EXTERNAL LINKS


An Australian Language as spoken by the Awabakal, the people of Awaba, Lake Macquarie, being an account of their language, traditions and customs - Lancelot Threlkeld


Rev. Threlkeld's Report on the Aborigines in 1836 - Sydney Gazette 16 July 1836


Notes on the Aborigines of New South Wales - R.H. Matthews


Hunter Valley Aboriginal Arts and Culture -  Wollombi


Heritage listing for NSW Aboriginal cave - Australian Geographic


Weaving program connects students with Indigenous culture in Hunter Valley schools - ABC News 2017


Mixed-race unions and Indigenous demography in the Hunter Valley of New South Wales, 1788-1850  - Greg Blyton and John Ramsland


Koori History - Traditional Aboriginal Clothing - The oldest known cloak is the Hunter Valley cloak, which forms part of the collections held at the Smithsonian Institute, in Washington D.C. The cloak was collected in 1839-1840, is made of both possum and kangaroo skin and measures 146 by 125cm.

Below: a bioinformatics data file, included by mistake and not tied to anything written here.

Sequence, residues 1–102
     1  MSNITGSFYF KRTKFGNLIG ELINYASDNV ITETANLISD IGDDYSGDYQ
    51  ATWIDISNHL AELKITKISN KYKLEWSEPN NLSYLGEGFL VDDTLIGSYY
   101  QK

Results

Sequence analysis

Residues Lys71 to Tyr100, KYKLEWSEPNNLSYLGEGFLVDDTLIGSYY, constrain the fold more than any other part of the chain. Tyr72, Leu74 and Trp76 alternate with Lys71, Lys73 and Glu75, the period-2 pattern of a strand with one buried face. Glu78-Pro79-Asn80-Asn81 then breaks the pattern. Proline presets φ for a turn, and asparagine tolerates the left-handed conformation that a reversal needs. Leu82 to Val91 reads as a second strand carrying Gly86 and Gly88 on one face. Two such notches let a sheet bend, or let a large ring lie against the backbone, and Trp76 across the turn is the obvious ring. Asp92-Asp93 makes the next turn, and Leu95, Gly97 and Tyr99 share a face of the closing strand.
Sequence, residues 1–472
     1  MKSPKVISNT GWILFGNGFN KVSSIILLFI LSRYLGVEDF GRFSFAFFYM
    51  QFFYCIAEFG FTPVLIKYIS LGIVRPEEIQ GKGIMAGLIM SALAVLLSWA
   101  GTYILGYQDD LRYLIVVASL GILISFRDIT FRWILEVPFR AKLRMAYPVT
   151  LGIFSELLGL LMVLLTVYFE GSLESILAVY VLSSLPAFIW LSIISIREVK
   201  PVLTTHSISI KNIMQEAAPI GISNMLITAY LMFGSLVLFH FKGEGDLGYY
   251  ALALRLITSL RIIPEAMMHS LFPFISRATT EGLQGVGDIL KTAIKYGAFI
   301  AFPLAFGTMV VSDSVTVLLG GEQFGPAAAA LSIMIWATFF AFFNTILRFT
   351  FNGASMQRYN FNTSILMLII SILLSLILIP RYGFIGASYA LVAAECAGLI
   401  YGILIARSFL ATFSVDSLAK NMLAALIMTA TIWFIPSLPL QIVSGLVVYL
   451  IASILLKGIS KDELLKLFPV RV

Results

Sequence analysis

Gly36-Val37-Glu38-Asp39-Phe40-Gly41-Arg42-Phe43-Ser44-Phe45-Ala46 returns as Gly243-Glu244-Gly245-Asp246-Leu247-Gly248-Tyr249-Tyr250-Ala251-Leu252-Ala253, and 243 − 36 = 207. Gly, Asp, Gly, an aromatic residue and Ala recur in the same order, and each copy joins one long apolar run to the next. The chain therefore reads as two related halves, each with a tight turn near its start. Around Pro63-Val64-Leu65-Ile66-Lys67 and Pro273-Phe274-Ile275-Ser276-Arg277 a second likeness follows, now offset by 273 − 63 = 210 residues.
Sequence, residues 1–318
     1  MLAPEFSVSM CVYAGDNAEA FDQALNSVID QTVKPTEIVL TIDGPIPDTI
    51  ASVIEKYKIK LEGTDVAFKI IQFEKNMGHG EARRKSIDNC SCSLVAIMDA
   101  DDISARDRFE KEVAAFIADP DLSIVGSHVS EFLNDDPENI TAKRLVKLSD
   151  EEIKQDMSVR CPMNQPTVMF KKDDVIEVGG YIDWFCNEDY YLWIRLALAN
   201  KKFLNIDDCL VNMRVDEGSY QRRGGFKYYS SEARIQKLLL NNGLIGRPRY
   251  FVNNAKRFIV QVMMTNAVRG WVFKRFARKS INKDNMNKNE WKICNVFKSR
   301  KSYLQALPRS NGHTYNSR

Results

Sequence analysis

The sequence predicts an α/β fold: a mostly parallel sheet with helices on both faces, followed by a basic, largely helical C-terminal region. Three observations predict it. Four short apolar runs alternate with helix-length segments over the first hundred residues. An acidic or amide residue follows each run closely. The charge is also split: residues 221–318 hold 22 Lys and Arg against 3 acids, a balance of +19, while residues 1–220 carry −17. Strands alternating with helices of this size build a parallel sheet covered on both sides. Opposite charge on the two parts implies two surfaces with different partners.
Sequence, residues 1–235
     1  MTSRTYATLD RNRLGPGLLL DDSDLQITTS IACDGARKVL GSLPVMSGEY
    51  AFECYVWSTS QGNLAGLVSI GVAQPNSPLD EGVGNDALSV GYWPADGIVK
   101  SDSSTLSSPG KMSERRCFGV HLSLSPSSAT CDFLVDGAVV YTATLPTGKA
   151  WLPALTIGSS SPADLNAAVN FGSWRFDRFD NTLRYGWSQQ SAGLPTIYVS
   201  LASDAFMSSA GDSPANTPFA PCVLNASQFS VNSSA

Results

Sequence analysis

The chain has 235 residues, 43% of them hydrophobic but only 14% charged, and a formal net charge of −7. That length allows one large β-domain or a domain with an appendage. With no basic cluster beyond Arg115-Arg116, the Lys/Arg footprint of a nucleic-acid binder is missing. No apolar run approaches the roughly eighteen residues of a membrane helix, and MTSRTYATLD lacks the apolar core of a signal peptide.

Australian Dress Register - Aboriginal cloak


New England's History Discussions on the history and historiography of Australia's New England Hunter Valley Aboriginal Groups


Aborigines of the Hunter Valley - A Study of Colonial Records - Helen Brayshaw - University of Newcastle


The Percy Haslem Collection - University of Necastle


Deep Time Project - University of Newcastle


Aboriginal History of the Paterson district



Scraps of Early History - The Blacks - Vocabularly of the Williams River Aborigines - Dungog Chronicle 12 January 1906

P.P. King's Report re the employment of natives by the A.A. Company 1841


24 November 1830.......   Death of Boongarie (Bungaree), chief of the Broken Bay and Sydney tribes. Interred at Rose Bay on Friday 26th November 1830.

A portrait painted in 1819 by naval officer Phillip Parker King, son of Governor Philip Gidley King P P King: Album of sketches and engravings. f48. PXC 767. Mitchell Library, State Library of New South Wales.)